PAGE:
I know some of you already know this, this is to help the OP and other new folks in the future....
Trojan's are the "Cadillac" of batteries. You could chose a less expensive brand of golf-cart battery and still come out ahead when compared to an ordinary Marine battery.
Bill, all that salesman knows is the training
he received for "application". Trojan also makes batteries for floor buffers, that doesn't mean that it's improper to use them in another application.
Here's the deal:
Voltage= "pressure" or "potential"
Amperage= "flow" or "capacity", or you can think of it as a tank of stored energy like a fuel tank
. The more amps you have, the bigger your "tank". Also, when measuring amps in an active electrical
circuit, you're measuring the "flow" of "electrical water" (electrons) as they pass from the negative battery plate, through the "load" (lights, electronics
, etc) and to the postive battery plate. When you charge the battery, you push the electrons back to the negative battery plate.
6v and 8v golf cart batteries have the same amount of lead and active material on the cell plates as a similar size/weight 12v battery. The difference is, the plates are thicker and fewer, so although the voltage is less, the capacity is greater because the single
plates have more surface area. By connecting (identical) batteries in "series" (+ to -), you double the voltage, while your capacity remains as if you only had one of those batteries. If you connect them in "parallel" (+ to + and - to -) then you double the capacity but the voltage remains as if you only had one of those batteries.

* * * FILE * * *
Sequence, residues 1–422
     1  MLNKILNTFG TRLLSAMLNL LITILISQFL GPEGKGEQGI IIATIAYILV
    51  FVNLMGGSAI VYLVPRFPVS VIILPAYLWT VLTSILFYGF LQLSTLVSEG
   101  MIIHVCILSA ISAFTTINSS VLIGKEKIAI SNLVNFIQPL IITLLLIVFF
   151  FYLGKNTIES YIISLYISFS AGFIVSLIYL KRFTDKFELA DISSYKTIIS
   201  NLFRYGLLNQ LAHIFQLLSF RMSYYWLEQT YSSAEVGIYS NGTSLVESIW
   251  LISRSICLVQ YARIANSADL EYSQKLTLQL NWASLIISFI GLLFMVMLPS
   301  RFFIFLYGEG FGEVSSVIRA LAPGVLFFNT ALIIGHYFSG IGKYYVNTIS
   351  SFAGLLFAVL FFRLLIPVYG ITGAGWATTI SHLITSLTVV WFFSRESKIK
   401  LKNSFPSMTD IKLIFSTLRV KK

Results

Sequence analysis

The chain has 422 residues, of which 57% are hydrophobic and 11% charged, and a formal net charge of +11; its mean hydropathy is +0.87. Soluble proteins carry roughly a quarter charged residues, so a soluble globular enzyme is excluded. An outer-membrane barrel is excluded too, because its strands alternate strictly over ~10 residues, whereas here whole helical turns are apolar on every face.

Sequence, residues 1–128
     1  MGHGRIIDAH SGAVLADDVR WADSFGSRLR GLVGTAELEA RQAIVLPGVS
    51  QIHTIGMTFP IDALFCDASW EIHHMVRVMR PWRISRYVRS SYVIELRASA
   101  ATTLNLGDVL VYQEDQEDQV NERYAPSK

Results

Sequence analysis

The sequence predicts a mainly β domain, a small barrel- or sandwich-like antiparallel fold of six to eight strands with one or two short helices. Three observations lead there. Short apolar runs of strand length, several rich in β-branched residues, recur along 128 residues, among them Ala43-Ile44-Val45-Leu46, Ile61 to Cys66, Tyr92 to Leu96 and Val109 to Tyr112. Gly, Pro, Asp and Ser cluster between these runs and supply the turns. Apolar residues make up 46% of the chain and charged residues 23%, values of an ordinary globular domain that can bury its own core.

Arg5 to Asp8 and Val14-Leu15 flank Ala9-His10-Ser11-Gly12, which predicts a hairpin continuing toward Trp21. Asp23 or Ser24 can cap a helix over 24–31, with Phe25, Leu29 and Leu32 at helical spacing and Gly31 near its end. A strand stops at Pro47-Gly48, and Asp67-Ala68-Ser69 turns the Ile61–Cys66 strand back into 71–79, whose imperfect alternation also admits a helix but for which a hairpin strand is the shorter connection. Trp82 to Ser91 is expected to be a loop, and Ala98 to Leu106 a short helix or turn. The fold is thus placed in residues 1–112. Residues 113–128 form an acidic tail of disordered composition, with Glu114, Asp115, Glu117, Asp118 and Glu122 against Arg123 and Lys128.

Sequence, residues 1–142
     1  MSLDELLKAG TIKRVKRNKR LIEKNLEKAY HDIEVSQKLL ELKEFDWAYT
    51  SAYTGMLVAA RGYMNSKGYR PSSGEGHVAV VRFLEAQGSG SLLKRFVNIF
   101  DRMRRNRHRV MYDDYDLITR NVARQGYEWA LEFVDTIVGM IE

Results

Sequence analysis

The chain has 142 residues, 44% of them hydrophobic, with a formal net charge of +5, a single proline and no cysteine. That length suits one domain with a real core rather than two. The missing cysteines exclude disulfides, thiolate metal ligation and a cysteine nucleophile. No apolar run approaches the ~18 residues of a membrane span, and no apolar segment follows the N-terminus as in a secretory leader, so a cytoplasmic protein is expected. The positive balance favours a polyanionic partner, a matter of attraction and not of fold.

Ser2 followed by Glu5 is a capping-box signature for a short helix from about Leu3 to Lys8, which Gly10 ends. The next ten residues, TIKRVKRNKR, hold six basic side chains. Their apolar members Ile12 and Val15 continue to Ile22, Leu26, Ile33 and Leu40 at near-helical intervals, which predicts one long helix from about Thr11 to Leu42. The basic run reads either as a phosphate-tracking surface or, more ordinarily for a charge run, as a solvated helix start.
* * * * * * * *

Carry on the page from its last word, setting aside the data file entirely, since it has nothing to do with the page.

You need 12 or 13v of "pressure" on your electrical
circuits for your lights and gear
to function correctly. You're seeking to buy the biggest capacity or "energy tank" you can afford, and that will fit in your boat.
So you have a choice:
a) You can wire two 12v Marine batteries in parallel
for 12v @ double the capacity of one of those Marine batteries.
b) You can wire two 6v golf cart batteries in series
for 12v @ the capacity of ONE golf cart battery (which is certainly more than a single
Marine battery, but might not be more than 2 of them in parallel
Simply look at the amp capacity of the batteries you're considering, do the math, compare the prices and see which configuration will give you the capacity you desire for the best price
Whatever you do, make sure that you buy 2 new, identical batteries, manufactured roughly at the same time. Otherwise you'll find yourself with batteries that are out of balance, one will discharge into the other, and they'll kind of kill each other in a short time.
I converted a 1974 VW Bug to 100% battery-electric drive. It had a range of 40 miles and a max speed of 70 mph and I put 10,000 miles on it before I sold
it. I had SIXTEEN 8v golf cart batteries to balance, for 128volts, nominal. Wiring
up 2 batteries is cake.
Hope this helps!